To mark Great Britain hosting the Olympics this year the V&A Museum of Childhood have curated an exhibition exploring the â€śtumultuous 64 years between the London Olympic Games of 1948 and 2012.â€ť Janine Rudkins visits this thought-provoking show.
The exhibition travels through the atmospheric and innocent (at least in some respects) childhood of the 1950s, through to the more technology-savvy and knowledgeable children of this generation.Â It is split into the distinct eras of the 64 year period: 1948-1969, 1970-1989 and 1990-2012. The exhibition is not set up as a simulation environment of each era, and the exhibits are, in true museum fashion, behind glass cases (slightly disappointing as there were some things you long to get your hands on to relive childhood experiences).
But, the thing that sets it apart is the music. There are a series of giant lampshades in each gallery which invite you to â€śplease stand beneath the music shadeâ€ť, once you step in the acoustics of the age are played as if you are wearing headphones and the placement of the shade is such that your view is of just of the relevant era. It is the music combined with the prose and poetry written by members of the local community which accompanies many of the objects that help to create a reality to the pieces which you may not grasp if it was not your own childhood.
The 1948-1959 section boasts classic vintage nostalgia with NHS prescription glasses, Famous Five books, Muffin the Mule and Sindy. Looking at the exhibits you are reminded that although the children grew up in a comparatively innocent lifestyle they were quite possibly less innocent than their modern counterparts having grown up in the post-war austerity era which singularly lacked the intense health and safety aspect to play that is apparent today â€“ playing in a desolate bomb-site was standard fare for many.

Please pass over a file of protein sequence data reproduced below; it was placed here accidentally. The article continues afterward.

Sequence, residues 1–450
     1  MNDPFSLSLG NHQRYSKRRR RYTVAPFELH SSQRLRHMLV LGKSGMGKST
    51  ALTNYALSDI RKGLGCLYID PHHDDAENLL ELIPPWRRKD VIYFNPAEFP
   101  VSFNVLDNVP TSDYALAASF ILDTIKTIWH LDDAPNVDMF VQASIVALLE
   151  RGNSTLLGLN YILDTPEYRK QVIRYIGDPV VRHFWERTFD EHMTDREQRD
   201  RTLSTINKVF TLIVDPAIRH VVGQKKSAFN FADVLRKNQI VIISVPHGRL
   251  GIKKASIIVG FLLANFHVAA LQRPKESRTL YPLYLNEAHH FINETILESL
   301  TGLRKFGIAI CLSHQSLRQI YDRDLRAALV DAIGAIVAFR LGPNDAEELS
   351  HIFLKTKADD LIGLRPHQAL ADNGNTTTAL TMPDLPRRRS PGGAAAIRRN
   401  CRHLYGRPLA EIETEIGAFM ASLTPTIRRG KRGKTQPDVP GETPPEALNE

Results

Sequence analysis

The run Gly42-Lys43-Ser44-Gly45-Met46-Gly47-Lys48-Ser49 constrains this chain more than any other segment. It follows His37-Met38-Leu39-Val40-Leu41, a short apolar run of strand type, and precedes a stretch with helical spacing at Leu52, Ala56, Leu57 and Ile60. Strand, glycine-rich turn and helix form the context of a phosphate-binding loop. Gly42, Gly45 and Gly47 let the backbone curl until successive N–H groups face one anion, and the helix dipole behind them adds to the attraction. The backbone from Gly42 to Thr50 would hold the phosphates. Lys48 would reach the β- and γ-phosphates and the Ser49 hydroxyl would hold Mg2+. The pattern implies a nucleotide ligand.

1970 to 1989 was the turning transitional point in the exhibition (and modern childhood in Britain) where childrenâ€™s rights really came to the forefront and technology was starting to become more prominent. Tuftyâ€™s road safety campaign, Star Wars and the Chopper bike all made their appearances in this section.
The final section was reflective of what is considered a more modern or current childhood upbringing. With exhibits spanning from the Teletubbies to Lily Allenâ€™s tween-age clothing range to the Teddyphone (a mobile phone for under fives). It really shows that this generation of children is less innocent with advanced technology and the more adult fashions being filtered down. In contrast they are more sheltered than in previous childhoods with greater introversion with the rise of the internet and the mobile phone.
And spanning the entire exhibition is a wall of the children of a local school, Rushmore Primary School, Hackney. The wall is the linking part of the whole exhibition; as it runs the length of the three separate galleries and eras, it shows how the real children of this period have developed alongside the toys, books and social and economic changes.
Modern British Childhood is curated by Rhian Harris is free for entry andÂ runs from 13 October â€“ 14 April 2013 at the V&A Museum of Childhood, London.
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